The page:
Stop 10, Stop 11, Stop 12 Roads
Stops on the old Indianapolis Interurban
In the early 1900’s, Indianapolis was home to an advanced and successful interurban train system, connecting various Indianapolis neighborhoods with each other and Indianapolis with other cities in Indiana and the Midwest. These lines were essentially commuter trains, and were not as comfortable as the regular passenger trains.
The tracks converged in a grand Traction Terminal Building downtown and once had 14 independent electric traction lines, 600 cars, carrying six million people annually. The first line was constructed in 1900 when two short lines were built between Indianapolis and Greenfield (16 miles) and Indianapolis and Greenwood (12 miles).
Stop 11 was one of the major stops from a line that ran from downtown Indianapolis to Louisville, Kentucky. It was one of around 20 stops on the southward spoke. Using stop numbers was an easy way to count the stops out of downtown. “The Hoosier Flyer” was a popular train that used this line. Trains were hailed by waving and sometimes, lighting a small torch which often led to grass fires.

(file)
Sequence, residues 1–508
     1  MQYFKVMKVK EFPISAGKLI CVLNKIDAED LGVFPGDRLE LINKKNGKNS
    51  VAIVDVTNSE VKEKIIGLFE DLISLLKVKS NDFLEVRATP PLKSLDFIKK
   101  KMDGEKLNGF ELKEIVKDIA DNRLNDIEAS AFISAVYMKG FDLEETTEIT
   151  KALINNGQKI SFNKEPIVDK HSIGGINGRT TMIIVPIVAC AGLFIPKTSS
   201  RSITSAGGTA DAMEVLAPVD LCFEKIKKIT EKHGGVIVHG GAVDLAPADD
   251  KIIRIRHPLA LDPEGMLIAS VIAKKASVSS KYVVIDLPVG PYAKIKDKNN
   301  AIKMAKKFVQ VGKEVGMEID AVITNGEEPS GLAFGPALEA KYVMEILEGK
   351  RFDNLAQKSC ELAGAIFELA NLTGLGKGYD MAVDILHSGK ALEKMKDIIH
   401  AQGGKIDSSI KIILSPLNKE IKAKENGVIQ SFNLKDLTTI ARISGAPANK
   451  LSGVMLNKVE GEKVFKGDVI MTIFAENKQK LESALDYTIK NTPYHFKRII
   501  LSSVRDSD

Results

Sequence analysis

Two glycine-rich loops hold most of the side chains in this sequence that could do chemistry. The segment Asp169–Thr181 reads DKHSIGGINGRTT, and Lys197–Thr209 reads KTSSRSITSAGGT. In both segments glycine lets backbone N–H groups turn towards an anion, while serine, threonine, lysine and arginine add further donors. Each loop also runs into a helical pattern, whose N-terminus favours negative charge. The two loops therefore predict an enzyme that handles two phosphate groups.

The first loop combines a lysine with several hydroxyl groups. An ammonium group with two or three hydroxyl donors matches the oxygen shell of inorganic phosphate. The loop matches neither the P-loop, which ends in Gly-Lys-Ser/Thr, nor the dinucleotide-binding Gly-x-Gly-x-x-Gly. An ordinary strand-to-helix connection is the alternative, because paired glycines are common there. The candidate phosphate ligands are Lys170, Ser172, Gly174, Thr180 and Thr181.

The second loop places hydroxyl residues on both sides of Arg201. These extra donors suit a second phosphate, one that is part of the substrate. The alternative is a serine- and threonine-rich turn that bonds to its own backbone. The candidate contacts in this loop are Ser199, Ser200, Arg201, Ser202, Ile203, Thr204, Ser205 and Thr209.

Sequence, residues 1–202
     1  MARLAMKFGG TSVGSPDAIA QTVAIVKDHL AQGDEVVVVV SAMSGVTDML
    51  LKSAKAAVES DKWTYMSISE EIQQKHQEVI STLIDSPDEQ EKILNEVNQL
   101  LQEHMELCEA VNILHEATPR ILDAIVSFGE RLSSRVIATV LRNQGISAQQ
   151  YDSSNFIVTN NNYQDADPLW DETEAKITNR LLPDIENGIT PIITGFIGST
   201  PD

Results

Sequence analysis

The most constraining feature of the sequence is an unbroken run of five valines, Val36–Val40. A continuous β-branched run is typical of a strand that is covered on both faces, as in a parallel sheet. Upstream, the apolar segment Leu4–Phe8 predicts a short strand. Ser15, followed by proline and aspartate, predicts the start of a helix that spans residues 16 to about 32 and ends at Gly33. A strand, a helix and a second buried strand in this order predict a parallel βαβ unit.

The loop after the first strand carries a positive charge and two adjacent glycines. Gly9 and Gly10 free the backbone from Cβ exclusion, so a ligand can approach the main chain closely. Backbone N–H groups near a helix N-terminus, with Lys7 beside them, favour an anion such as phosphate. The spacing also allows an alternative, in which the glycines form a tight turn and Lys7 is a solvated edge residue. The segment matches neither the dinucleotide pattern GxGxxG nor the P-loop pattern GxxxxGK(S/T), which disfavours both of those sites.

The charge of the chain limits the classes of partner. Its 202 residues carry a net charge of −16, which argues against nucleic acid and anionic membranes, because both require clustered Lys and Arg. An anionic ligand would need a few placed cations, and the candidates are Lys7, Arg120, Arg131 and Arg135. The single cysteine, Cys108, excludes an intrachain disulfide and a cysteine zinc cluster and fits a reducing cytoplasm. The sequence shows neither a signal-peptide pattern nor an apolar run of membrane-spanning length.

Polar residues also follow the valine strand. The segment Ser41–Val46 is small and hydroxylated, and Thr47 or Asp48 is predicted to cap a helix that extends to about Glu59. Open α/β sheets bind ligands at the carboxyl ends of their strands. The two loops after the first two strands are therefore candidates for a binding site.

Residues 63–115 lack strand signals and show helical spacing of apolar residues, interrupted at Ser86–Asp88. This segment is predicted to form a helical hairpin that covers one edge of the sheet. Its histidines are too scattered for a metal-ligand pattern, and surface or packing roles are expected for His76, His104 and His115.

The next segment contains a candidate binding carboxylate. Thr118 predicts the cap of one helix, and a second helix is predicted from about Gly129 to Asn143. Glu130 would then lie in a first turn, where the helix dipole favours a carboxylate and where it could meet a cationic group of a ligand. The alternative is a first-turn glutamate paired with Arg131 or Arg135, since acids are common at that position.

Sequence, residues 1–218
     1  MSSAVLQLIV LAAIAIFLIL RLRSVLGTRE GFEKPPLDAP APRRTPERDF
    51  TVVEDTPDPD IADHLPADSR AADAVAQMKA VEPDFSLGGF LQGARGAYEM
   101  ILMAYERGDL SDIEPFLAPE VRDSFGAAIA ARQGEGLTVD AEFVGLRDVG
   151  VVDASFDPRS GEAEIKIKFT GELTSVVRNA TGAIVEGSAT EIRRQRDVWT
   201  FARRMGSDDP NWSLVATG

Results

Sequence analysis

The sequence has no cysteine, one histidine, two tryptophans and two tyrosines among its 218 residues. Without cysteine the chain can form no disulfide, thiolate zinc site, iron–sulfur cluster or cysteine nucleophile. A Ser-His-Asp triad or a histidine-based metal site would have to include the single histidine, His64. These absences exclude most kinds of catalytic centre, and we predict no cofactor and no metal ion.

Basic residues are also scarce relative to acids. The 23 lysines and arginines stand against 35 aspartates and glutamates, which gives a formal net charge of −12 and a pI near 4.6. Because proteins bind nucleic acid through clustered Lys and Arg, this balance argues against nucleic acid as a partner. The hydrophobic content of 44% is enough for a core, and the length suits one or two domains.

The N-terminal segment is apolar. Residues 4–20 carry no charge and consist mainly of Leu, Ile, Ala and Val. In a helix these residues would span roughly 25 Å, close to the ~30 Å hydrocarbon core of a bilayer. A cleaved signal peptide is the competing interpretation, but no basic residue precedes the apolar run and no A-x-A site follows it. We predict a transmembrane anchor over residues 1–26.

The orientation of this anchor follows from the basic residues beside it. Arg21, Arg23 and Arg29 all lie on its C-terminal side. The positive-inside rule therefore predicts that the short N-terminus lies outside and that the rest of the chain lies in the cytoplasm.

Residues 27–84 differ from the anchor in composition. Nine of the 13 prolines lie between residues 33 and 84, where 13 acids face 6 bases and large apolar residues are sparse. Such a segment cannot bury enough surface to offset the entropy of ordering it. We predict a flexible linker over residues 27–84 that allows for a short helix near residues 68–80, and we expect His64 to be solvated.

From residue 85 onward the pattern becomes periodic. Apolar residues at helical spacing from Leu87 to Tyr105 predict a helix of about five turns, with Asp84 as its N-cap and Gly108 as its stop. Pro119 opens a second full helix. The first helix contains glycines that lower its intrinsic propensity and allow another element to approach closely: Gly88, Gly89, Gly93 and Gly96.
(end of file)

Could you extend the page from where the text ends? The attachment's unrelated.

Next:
At Stop 21, the numbered stop system stopped and stops were named for the city the line went through.
The interurbans died out in the 1940s as major roads and thoroughfares replace the old routes and cars became more abundant and affordable.
All photos courtesy of Sergio Bennett.